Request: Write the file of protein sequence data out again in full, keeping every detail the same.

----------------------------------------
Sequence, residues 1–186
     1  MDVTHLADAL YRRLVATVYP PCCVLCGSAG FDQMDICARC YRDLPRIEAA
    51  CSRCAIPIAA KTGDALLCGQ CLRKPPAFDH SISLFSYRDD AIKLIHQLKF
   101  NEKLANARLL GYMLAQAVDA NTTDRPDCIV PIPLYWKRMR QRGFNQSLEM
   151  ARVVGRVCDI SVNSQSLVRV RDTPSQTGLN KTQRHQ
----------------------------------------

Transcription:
Sequence, residues 1–186
     1  MDVTHLADAL YRRLVATVYP PCCVLCGSAG FDQMDICARC YRDLPRIEAA
    51  CSRCAIPIAA KTGDALLCGQ CLRKPPAFDH SISLFSYRDD AIKLIHQLKF
   101  NEKLANARLL GYMLAQAVDA NTTDRPDCIV PIPLYWKRMR QRGFNQSLEM
   151  ARVVGRVCDI SVNSQSLVRV RDTPSQTGLN KTQRHQ